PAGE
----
Conceptual Performance and Conceptual

You’ll be hearing about this topic for the next week or so…

Conceptual Art, to be specific.

After attending the opening night for the Spread exhibition, which is currently showing at the SOMArts Cultural Center (San Francisco, CA), I’ve been thinking quite a bit about conceptual art. I’ve been asking myself why I enjoy it so much.

Conceptual work makes sense of the world. With all its antics, it’s a movement that evolves, grows rapidly, and is reflective of the times.

Some may see conceptual art as rebellion and departure from tradition, which, for some, ceases to be art. With its lack of representational images functioning as the device from which to begin understanding, conceptual work is an extrapolation on complex ideas and in many cases, the viewer is required to participate in some aspect of the work. There’s a particular type of engagement that gives conceptual art its pulse. From our perception of sound to notions of politics and society to the human condition, conceptual art has something for everyone. Yes, I’m serious. It really does.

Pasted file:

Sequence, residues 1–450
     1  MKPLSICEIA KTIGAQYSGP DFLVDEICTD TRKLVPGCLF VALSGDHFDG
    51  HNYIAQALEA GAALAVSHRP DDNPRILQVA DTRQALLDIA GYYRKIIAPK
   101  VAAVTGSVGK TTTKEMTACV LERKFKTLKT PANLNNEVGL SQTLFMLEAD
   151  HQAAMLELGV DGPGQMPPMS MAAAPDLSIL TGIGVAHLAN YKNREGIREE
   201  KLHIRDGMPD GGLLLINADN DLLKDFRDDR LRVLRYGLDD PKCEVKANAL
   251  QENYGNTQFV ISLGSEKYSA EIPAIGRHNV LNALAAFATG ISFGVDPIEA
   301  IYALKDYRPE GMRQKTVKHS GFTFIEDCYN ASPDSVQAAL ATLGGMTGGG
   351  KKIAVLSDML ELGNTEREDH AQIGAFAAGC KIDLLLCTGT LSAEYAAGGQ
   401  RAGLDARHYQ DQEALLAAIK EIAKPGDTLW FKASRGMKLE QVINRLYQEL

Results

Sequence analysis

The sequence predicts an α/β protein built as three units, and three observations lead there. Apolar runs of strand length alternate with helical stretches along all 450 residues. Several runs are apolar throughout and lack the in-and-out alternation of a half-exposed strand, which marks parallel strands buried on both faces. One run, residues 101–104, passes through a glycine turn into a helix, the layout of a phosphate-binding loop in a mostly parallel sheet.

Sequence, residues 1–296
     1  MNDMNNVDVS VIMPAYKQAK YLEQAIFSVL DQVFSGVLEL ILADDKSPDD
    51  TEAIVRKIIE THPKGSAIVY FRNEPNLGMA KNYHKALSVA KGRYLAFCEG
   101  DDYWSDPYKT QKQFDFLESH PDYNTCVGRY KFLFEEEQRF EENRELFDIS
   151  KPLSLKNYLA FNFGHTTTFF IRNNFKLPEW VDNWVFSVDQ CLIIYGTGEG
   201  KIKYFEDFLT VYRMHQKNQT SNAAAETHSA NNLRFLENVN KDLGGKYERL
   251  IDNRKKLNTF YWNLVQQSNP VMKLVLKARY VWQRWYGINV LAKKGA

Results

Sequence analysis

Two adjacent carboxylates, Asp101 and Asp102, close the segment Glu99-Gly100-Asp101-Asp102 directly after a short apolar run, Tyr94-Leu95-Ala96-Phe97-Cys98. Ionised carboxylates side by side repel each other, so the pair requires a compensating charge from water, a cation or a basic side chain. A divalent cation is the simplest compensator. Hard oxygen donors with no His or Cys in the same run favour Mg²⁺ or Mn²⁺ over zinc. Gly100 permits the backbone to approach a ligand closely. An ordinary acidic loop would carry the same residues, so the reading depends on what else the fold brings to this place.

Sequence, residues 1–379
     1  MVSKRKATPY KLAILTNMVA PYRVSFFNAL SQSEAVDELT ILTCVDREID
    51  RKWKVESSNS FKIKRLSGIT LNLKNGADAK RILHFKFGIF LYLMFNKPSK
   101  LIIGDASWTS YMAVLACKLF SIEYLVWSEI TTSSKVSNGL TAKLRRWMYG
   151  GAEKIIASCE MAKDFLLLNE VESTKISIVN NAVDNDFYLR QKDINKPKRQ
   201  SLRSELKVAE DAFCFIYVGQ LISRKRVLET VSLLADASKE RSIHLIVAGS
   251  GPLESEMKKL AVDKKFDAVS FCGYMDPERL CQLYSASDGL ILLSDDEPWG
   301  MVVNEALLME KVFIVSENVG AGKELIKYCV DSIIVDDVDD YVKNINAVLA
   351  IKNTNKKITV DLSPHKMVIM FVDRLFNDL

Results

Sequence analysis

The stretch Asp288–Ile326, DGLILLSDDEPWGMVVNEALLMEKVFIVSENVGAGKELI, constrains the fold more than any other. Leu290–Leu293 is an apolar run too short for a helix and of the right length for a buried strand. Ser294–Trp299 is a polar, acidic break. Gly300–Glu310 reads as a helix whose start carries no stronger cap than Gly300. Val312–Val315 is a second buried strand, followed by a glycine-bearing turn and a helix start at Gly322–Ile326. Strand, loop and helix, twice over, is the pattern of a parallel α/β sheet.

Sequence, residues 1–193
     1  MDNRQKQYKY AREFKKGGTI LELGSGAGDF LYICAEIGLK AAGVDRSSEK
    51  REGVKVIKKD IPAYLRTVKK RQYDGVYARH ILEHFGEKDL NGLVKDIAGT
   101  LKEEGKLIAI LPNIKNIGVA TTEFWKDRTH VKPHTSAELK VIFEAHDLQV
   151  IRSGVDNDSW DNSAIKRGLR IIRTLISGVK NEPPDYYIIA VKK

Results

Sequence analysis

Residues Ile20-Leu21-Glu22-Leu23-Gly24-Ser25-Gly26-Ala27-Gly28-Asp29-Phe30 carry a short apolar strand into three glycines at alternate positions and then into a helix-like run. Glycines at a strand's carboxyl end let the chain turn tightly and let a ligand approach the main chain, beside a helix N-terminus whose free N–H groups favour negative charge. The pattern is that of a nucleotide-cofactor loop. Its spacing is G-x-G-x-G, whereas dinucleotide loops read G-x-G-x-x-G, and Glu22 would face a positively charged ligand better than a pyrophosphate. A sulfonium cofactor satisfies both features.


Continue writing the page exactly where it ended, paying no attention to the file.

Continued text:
Over the next few days (maybe week, it really depends), I will be taking a look at the Spread show much more closely and spending a bit more time fleshing out the relationships between the artists and the works and how the vanguard artists are viewing their legacy in a new generation of conceptual artists.

More to follow…

By Dorothy R. Santos

Dorothy R. Santos (b. 1978) is a Filipina American writer, artist, and educator whose academic and research interests include feminist media histories, critical medical anthropology, technology, race, and ethics. She is a Ph.D. student in Film and Digital Media at the University of California, Santa Cruz as a Eugene V. Cota-Robles fellow. She received her Master’s degree in Visual and Critical Studies at the California College of the Arts and holds Bachelor’s degrees in Philosophy and Psychology from the University of San Francisco. Her work as been exhibited at Ars Electronica, Fort Mason Center for Arts & Culture, Yerba Buena Center for the Arts, and the GLBT Historical Society.

Her writing appears in art21, Art in America, Ars Technica, Hyperallergic, Rhizome, Vice Motherboard, and SF MOMA’s Open Space. Her essay “Materiality to Machines: Manufacturing the Organic and Hypotheses for Future Imaginings,” was published in The Routledge Companion to Biology in Art and Architecture. She is a co-founder of REFRESH, a politically-engaged art and curatorial collective and serves as the Executive Director for the Processing Foundation.

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